16 May 1969
This morning the Daily Mirror splashes the story of yesterday’s demonstration at the opening of Senate House across the front page and a whole page inside – with several photographs. The focus of the story is the decision by Princess Alexandra to visit the slum properties in Vine Street herself (something which the University dignataries have never deigned to do):
The banner slung between crumbling terrace houses read: “Come and visit the slums of Vine street.”
And yesterday, Princess Alexandra won a city’s heart by doing just that. She stepped from a gleaming limousine on to the grimy pavements of Vine street, Liverpool, to discover for herself the facts of life in Slumland.
She talked to residents about housing conditions and sanitation – and even offered to examine the interior of one of the homes. Her sympathy and insight delighted everyone, especially 35 year old Mrs Ethel Singleton, of nearby Melville place. For Mrs. Singleton was largely responsible for the Princess’s impromptu visit.
A fortnight ago, she wrote asking the city’s Royal guest to visit the district after opening Liverpool University’s new £530,000 Senate House and £595,000 physics laboratory.
Princess Alexandra agreed, and kept her promise.
After the opening ceremonies, she was driven the short distance to Slumland, where several properties are owned by the city corporation and university.
Slogans like ‘Slums this way’ and ‘Senate splendour and squalid slums’ were held aloft as she arrived. Then after receiving a bouquet from four year old Carol Scoullar, of Vine street, Princess Alexandra started her probe.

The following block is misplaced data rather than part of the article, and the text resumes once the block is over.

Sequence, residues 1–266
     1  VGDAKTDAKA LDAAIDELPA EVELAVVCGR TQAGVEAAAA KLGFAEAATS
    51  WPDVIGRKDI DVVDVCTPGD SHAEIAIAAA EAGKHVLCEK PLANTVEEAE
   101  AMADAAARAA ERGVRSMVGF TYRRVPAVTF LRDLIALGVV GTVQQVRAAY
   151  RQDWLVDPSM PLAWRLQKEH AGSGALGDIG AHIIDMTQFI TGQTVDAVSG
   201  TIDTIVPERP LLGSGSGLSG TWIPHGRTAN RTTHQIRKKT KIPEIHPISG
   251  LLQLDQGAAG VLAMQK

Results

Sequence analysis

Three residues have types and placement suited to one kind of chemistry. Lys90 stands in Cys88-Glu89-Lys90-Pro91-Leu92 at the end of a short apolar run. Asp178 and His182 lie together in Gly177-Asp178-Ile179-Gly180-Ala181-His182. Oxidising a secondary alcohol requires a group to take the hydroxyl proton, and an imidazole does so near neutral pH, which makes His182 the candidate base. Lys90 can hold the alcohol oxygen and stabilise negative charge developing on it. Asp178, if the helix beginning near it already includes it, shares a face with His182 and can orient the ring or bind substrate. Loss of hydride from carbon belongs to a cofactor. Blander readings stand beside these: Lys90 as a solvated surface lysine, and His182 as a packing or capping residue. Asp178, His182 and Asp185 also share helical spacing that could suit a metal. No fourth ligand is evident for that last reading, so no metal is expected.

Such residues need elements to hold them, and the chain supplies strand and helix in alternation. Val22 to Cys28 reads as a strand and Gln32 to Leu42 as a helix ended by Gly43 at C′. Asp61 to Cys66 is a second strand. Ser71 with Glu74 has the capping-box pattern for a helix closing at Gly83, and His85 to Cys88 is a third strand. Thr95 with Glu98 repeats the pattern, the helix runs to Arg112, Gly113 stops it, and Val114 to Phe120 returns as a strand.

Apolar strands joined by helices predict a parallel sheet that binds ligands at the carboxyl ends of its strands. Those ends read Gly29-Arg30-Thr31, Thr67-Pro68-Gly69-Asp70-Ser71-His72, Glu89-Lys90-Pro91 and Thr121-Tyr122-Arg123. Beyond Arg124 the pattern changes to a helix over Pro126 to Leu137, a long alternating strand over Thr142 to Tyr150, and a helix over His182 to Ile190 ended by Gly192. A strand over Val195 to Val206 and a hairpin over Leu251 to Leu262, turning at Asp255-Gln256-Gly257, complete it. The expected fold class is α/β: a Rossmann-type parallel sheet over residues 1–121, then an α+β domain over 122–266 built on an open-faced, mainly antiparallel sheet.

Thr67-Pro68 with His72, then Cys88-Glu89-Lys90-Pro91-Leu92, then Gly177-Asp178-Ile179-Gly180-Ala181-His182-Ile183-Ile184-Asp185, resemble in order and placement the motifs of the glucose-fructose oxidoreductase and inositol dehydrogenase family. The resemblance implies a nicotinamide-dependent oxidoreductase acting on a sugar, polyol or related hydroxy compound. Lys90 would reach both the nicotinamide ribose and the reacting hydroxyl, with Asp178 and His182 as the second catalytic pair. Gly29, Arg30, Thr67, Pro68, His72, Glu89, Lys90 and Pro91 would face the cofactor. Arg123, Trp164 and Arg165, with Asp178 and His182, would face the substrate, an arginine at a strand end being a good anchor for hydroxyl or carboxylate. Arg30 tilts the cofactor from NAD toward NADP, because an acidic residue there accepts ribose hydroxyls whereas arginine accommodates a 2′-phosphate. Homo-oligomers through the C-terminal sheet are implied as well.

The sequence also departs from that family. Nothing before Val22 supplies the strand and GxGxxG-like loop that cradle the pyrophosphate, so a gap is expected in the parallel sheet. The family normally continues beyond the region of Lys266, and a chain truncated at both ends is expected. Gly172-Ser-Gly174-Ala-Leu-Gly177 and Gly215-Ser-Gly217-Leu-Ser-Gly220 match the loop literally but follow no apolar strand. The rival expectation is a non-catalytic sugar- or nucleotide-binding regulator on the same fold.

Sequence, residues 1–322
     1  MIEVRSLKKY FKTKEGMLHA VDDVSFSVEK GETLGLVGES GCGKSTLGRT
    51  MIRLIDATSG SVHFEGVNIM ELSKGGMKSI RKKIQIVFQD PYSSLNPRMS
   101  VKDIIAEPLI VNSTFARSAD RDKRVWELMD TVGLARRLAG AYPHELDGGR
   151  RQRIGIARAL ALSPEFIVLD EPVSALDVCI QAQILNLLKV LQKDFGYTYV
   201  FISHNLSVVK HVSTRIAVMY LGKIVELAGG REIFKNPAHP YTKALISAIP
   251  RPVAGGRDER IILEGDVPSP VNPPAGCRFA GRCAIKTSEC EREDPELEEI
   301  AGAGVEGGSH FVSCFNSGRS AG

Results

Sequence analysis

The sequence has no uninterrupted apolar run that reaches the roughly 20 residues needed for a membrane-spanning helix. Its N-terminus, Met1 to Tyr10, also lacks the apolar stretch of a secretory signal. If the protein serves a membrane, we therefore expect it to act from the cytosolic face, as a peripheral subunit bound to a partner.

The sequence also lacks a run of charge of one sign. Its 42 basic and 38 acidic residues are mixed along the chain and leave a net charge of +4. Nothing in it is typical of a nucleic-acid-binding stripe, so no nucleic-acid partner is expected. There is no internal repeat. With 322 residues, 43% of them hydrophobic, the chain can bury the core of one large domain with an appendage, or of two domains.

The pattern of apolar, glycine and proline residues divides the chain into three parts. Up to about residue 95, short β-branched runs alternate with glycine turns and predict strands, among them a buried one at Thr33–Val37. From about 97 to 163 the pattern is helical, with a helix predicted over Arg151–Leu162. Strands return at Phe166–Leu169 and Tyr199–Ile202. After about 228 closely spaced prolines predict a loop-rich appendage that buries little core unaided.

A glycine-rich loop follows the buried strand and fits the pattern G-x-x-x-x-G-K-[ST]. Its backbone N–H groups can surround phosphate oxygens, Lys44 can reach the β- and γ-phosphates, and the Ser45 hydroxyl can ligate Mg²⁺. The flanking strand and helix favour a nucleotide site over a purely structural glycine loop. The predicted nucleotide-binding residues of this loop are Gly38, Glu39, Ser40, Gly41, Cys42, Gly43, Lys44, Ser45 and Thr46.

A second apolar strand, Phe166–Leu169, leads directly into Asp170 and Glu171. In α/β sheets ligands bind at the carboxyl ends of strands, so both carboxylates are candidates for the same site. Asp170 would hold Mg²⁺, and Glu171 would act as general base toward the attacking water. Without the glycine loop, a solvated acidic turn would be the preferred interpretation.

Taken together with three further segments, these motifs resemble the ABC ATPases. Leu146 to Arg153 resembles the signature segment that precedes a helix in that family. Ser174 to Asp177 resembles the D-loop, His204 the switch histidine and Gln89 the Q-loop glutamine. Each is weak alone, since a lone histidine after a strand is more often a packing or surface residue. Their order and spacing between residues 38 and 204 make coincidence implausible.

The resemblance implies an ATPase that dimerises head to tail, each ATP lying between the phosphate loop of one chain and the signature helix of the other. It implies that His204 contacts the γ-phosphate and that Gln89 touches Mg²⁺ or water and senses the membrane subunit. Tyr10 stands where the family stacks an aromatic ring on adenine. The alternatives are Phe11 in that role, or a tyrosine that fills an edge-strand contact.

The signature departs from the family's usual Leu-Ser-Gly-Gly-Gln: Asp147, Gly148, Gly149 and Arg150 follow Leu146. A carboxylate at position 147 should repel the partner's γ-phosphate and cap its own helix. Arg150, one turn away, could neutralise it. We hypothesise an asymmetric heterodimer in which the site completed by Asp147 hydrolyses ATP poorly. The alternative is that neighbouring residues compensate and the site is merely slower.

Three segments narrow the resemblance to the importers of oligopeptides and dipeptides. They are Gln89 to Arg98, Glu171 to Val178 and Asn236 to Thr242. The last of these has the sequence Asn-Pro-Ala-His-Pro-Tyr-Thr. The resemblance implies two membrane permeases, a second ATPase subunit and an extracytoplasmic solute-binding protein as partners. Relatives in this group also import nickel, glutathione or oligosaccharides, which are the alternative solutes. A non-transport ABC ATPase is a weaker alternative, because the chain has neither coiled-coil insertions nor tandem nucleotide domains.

She spoke to Mrs Singleton, secretary of the Abercromby Tenants’ Association who said later: “The Princess thought it dreadful that we have no proper amenities.”
Then Princess Alexandra asked to see inside one of the houses – but was ushered along to speak to other residents before driving away.
Footnote from the future (2009)
Go here for a mapshowing the location of the streets where the University and the City Council owned slum properties.
Jim and Ethel Singleton from Melville Place, who appear in this article, were active in the Abercromby Tenants’ Association and the events that led up to the protest at the opening of Senate House by Princess Alexandra. A year later, they would feature in the documentary film-maker Nick Broomfield’s first film, Who Cares? Made whilst he was a student at Essex University using a borrowed camera, it has been described as:
Honest, raw and confrontational … this 16-minute black and white observational film successfully communicates the resentment felt by a close-knit Liverpudlian working class community, angered at the demolition of their homes by the local council. Recipients of a compulsory purchase order were forced to leave a neighbourhood where the same families had been living for generations, relocating to alienating high-rise flats on the outskirts of the city.
Go here for more about the film – and to watch the film itself, which provides a vivid insight into the housing conditions that sparked the demonstration that greeted Princess Alexandra when she opened Senate House in May the following year.
The Singletons were rehoused and continued to be active politically; they feature in Nick Broomfield’s third film, Behind the Rent Strike (1974).
In December 2009, issue 15 of Nerve, the cultural and social issues magazine published in Liverpool by Catalyst Media, included an article by Jim and Ethel Singleton’s daughter, Kim, entitled Revolting Tenants: The Great Abercromby Rent Strike of ‘69.